I’m leaving for Berlin on Saturday. I have not done a single bit of preparation. Sarah picked out a bunch of restaurants. I bought a book, but read like a page of it. Time to get busy on that, although I’m now reading a bio of a Vietnam helicopter pilot, which is a bit more interesting…


Psychosomatic water consumption, journals

I think I’m sick. Either that or I’m drinking ten glasses of water an hour because of some psychosomatic disorder, but I’ll probably stick with sick. It will be a nice weekend to do little, though. Too bad I have four new books that will get here after the weekend. I should time the Amazon purchases a bit better.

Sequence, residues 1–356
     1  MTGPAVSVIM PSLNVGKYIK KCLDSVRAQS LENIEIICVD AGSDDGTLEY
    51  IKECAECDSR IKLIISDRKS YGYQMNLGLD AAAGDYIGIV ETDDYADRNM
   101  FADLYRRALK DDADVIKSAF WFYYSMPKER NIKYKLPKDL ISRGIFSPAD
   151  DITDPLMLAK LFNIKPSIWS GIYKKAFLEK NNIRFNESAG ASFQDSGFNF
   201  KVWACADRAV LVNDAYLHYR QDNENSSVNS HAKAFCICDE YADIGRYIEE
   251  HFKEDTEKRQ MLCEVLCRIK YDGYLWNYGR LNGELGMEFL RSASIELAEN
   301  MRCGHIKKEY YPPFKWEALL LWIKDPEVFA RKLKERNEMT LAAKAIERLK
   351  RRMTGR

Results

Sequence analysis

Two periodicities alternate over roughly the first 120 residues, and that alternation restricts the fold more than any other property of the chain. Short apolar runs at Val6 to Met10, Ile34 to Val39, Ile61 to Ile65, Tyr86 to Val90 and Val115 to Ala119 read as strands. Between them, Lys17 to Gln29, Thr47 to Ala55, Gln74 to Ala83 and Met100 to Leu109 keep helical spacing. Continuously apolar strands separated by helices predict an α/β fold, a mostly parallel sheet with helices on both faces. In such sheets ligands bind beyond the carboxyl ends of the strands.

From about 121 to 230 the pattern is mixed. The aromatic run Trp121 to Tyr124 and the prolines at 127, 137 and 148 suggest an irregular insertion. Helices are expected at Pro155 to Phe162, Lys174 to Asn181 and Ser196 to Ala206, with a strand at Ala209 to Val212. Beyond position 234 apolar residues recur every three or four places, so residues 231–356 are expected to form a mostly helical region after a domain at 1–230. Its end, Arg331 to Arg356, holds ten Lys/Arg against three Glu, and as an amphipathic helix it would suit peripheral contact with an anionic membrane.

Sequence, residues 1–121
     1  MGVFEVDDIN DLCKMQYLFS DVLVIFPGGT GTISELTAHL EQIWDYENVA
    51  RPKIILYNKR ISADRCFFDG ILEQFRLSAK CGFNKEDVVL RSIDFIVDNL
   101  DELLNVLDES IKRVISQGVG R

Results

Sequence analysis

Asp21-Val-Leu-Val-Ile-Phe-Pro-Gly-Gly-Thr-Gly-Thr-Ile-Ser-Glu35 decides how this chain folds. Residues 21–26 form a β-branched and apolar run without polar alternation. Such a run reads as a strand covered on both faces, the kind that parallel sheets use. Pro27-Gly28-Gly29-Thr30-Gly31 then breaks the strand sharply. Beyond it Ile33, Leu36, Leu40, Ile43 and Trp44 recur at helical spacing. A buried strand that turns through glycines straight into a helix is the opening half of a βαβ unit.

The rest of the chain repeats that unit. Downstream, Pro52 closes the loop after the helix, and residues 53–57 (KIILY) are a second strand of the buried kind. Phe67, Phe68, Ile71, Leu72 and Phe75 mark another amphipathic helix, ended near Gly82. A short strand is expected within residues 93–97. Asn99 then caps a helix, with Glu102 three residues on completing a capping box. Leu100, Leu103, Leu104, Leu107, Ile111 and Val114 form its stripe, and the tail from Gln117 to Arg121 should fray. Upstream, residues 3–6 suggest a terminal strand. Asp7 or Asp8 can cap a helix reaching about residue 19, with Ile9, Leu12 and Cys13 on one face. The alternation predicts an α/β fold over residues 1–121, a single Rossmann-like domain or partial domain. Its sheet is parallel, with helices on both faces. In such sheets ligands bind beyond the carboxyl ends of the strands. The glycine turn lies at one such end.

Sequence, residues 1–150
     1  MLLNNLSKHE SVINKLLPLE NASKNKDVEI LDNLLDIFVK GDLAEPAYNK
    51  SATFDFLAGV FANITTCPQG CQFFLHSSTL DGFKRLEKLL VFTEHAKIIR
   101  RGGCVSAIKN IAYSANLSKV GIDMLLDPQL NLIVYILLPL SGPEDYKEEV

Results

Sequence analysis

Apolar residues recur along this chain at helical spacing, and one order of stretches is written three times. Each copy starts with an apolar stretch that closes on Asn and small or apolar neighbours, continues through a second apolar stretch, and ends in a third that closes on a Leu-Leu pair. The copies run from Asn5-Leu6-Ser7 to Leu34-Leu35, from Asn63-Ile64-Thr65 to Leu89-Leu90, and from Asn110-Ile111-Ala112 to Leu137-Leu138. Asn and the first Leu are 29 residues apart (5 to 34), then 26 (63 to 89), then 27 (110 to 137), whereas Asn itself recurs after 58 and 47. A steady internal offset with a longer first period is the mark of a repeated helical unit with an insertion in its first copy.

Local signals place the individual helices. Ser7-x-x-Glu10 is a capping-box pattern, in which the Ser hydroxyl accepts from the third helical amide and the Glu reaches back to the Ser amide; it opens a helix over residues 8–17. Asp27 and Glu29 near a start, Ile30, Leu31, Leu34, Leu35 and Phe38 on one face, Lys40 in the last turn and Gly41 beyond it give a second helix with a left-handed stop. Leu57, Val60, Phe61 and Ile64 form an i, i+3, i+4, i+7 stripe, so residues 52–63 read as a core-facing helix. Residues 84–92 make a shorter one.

So I’ve been keeping a paper journal since 1993, and after a few odd-sized books, I finally settled on the Mead 120-page college rule 3-subject spiral notebook. I have about twenty of them filled with scribbling from years ago. I have been working on one at a slower rate, since life has changed and my routine has changed and I spend more of my time recapping my day and my thoughts with a person rather than with a page. My current one was started in January of 2005, and it’s just finishing. In comparison, I have one from June to December of 1996, same number of pages, all written front to back. Okay, I was more depressed then, but I’m also depressed at not writing that much.